Last time I talked a bit about different ways to store your games, as well as about some basics of sleeving. Today it’s time to give you my personal sleeving flowchart, and a bit of a story about a carpet. Yes, a carpet.
The flow of sleeving
As I said previously, I am not a compulsive sleever. However, since I like a bit of order in my game collection – and in the way I interact with it on daily basis, I created a simple set of rules for sleeving my games. You can find them below, as a completely unbiased flowchart. Just start from the top and see if a game you love needs some new clothes.
Just to give you a quick example, using the above rules led me to sleeve the cards for my copy of Concordia immediately after I read the rules. They are good quality, they are not shuffled, but they are held and handled by each player throughout the whole game.
Also, the flowchart does not contain any reference to CCG/TCG style games. The truth is that if you play Magic you probably already are used to sleeving pretty much any card you put on the table, unless you’re playing exclusively with Commons (or their equivalent in your collectible game of choice).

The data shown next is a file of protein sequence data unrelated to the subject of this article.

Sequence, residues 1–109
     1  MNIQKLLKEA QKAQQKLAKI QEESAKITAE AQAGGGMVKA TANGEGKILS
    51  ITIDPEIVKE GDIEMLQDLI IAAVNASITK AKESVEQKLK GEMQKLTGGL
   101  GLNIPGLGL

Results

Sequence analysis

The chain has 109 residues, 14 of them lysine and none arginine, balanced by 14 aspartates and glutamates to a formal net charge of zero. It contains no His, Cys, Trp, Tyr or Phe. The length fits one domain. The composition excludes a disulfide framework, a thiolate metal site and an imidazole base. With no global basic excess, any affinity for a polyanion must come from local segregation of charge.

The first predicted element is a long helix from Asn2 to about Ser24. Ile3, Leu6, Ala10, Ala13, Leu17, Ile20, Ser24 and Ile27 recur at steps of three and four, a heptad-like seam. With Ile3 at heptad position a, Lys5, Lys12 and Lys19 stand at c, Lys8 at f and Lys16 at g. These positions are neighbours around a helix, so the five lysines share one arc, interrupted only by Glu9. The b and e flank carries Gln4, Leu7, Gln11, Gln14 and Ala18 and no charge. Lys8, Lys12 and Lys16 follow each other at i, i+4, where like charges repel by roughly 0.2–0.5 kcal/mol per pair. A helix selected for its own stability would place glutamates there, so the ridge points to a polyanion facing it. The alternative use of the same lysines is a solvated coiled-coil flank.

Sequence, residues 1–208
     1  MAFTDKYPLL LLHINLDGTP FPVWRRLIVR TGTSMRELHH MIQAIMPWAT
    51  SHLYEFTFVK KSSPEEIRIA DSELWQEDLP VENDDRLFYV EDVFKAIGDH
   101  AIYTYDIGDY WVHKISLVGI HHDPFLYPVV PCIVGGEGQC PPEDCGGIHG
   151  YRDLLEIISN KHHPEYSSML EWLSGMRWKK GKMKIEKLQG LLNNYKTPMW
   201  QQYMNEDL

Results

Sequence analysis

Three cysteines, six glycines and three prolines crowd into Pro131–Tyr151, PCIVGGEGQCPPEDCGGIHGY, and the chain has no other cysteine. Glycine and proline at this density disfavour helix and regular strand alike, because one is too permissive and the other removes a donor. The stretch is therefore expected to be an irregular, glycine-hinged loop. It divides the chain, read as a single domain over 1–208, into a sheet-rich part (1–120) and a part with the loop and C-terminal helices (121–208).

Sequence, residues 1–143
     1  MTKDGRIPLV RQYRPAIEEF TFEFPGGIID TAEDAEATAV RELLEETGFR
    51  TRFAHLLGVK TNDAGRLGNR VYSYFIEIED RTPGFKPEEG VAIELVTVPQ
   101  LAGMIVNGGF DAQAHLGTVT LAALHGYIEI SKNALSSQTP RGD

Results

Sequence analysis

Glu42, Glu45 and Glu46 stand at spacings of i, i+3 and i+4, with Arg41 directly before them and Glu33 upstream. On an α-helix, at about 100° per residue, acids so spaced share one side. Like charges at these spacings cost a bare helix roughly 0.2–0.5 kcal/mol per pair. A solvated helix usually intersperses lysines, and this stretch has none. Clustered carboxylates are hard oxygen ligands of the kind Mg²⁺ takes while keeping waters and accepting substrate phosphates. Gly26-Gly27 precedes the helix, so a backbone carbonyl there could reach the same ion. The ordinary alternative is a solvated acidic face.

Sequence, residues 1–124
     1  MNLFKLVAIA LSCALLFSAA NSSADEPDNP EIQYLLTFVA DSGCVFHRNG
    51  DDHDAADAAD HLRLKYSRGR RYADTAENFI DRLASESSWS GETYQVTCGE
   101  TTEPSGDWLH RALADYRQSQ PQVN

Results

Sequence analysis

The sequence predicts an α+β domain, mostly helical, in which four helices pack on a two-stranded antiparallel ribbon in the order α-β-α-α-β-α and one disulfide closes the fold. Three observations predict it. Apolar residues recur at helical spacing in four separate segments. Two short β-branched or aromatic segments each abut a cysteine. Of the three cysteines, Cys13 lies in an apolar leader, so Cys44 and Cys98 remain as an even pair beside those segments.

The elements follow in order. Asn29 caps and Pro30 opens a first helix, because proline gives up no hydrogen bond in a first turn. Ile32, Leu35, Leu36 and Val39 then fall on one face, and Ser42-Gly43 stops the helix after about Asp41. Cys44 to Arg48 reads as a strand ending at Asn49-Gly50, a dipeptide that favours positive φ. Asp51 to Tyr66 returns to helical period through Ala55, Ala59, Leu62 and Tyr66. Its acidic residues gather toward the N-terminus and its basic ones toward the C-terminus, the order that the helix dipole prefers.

Having a pile of sleeves nearby makes me a much happier gamer. However, this particular pile has been lying on my desk for a slightly different reason. One that I will come back to next week – so, stay tuned. For now, let’s take a look at something completely different.
The carpet on my shelf
I own a collection of games that is marvelled by casual gamers and considered “respectable” by the more hardcore crowd. With about 300 boxes inhabiting my shelves, and with space that had to become limited at one point, there came a time when I was forced to find a way to store some extra games, without buying extra furniture.
The natural solution was to place some games on top of the shelves I had. The only problem was that these have some elements that keep them in place – and to performe their function, they protrude through the top surface of the shelves. So, to do away with possible box fraying, I simply bought a piece of carpet, placed it over the top of my shelf, and made a whole new surface for a lot of extra games. Take a look:
A bit of cheap carpeting and a box cutter made it possible for cardboard boxes to take over the top of the shelf. Cheap carpeting can also transform inexpensive shelving – one with which you do run the risk of chafing your game boxes – into a solid storage solution, that works well when you’re on a budget, but still want to preserve your games, boxes included.
Plus, all this actually yielded a bonus. I know it’s a bit beside the point, but an inexpensive photo frame with a leftover piece of the carpet made a dice tray, which I assmebled in about 15 minutes.
In truth, protecting your games is just a step away from accesorising, and since I do love me my sleeves, ziplock bags, and tackle boxes, presenting the above dice tray seemed like a natural extension.
Then again, maybe accesories are something you’d be interested to read more about? Or maybe you have some tricks of your own you’d like to share?